I am leading a Monday night men’s group. Right now, I have nine men who are walking with me through some material on how men step up into the different phases of their lives. The final part of last night’s meeting drew our attention to the role of a Patriarch.
While the video did not give much information on the exact dynamics of the Patriarch in a family, the accompanying study guide asked a great question, “How do you want to spend the final years of your life?”
To the best of my study and experience, there are three options for us.
1.Grow Old and Selfish
Several senior adults spend the final years of their life on their own selfish dreams. They travel and enjoy the finer things in life. They play golf all day or another type of hobby. They spend money and accumulate extensive collections of stuff. They justify this behavior by saying, “We have earned it.” They also use the phrase, “We deserve this.” These people spent their earlier life giving all of their time and money to work or family, and now they are going to indulge themselves.
2. Grow Old and Scary
Some people end their lives full of bitterness. They grow angry with their family and friends. They speak of the “people these days” as if they were the enemy on the battlefield of life. Quite often these people complain that no one who cares for them or visits regularly but spends times with their visitors whining more than anything else. As a result, their grandchildren are forced to visit them on holidays to try and keep peace in the family.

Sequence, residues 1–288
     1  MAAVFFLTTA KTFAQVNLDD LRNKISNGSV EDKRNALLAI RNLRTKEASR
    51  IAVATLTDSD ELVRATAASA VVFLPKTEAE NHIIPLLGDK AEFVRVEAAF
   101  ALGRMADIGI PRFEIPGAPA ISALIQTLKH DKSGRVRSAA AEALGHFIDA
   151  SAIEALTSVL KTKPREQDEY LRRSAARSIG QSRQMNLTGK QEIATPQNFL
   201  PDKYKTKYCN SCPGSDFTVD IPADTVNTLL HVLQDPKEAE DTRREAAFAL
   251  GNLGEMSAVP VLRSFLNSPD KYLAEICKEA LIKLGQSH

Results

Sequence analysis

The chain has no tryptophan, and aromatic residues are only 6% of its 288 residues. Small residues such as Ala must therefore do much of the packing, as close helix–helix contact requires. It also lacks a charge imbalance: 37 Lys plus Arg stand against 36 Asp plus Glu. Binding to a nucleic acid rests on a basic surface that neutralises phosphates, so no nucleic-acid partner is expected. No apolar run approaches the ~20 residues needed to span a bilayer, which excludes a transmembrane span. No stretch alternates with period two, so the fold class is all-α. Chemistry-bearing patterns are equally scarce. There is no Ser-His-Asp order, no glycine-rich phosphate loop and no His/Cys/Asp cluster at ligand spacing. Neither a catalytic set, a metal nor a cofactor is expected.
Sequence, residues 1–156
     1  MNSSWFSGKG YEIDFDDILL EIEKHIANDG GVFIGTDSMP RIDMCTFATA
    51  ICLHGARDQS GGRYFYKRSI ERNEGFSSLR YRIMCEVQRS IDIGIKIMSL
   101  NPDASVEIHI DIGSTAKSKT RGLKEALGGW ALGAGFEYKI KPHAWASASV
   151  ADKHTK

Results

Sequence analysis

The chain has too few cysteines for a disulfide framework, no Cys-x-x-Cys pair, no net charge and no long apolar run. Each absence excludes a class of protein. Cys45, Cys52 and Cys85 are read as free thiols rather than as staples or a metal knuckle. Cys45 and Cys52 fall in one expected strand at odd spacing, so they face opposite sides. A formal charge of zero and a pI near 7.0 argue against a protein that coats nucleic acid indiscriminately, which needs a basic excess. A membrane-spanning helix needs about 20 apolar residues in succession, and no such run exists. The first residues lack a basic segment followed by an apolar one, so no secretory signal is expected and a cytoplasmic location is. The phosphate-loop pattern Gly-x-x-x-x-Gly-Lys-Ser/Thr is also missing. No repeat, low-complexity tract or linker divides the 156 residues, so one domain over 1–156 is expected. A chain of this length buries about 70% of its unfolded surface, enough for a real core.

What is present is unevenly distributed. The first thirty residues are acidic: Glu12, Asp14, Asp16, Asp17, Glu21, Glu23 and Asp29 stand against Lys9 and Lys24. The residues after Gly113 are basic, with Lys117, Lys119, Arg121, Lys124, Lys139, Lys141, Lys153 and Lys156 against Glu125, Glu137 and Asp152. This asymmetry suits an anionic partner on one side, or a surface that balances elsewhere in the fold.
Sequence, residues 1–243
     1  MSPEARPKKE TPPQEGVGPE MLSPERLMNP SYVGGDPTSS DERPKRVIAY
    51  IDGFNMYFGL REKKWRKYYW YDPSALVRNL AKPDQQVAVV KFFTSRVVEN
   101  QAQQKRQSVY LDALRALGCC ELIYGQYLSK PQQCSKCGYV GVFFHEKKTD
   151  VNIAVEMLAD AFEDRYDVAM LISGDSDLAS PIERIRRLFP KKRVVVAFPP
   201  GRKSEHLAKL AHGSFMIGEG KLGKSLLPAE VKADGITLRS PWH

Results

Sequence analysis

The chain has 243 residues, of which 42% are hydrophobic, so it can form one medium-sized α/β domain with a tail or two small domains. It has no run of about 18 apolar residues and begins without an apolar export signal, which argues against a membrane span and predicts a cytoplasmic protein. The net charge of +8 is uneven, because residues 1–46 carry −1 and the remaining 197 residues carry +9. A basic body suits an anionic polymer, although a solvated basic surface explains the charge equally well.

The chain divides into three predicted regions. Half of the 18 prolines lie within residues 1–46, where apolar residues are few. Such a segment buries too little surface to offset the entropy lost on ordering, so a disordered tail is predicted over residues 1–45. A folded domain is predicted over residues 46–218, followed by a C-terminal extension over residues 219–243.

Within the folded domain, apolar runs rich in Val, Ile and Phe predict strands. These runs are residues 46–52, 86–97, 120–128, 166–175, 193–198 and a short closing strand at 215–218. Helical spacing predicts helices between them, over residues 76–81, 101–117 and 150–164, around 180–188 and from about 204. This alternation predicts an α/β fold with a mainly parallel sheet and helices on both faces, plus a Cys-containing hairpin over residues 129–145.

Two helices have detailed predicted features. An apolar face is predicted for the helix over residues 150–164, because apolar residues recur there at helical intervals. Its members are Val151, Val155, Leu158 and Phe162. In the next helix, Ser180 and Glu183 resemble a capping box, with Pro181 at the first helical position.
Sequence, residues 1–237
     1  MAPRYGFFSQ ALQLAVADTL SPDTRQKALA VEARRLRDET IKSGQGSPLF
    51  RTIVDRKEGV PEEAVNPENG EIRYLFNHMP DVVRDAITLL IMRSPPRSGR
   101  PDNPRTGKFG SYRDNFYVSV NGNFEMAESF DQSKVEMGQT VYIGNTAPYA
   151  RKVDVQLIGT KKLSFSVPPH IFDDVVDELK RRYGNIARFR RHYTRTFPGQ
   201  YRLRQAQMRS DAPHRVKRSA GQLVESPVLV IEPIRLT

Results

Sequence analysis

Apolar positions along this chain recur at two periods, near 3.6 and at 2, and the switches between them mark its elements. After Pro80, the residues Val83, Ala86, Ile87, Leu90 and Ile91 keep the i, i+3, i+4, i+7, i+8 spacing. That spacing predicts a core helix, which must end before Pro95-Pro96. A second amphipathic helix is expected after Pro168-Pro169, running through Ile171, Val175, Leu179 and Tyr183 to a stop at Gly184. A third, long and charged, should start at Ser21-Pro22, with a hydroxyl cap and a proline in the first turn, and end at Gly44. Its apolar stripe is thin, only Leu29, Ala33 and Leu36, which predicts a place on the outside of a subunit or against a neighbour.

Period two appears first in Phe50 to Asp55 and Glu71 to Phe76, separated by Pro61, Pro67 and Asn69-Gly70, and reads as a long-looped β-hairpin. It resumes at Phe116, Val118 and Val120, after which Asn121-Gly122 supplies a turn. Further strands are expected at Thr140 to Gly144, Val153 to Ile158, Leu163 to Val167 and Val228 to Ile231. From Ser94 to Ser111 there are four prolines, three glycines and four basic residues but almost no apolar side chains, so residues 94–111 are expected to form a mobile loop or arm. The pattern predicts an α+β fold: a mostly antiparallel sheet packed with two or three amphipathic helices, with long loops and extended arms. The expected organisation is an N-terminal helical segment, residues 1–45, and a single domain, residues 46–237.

3. Grow Old and Spiritual
These people have seen the best and worst of life, and they have grown closer to God through all of their experiences. They speak with kindness and love. They demonstrate faith and perseverance. Many in this group serve at Church until their body gives out on them. They spend their final years making an impact for the kingdom of God wherever life takes them.
So the question remains, “How do you want to spend your final years?” The Patriarchs of the Bible were spiritual leaders of entire families and clans until the day they died. People came to them for wisdom and guidance that only a life of faith can produce. They were a source of blessing to the community through the final stages of their journey.
Here is the deal. You are already headed one of these directions. Your life has a trajectory of movement that will place you squarely in one of these categories. Where you end up is not just the result of the decisions you make when you retire. Instead, they are the culmination of the choices you are making every day. The question for today is simply, “Is my life headed the direction I really want it to go?”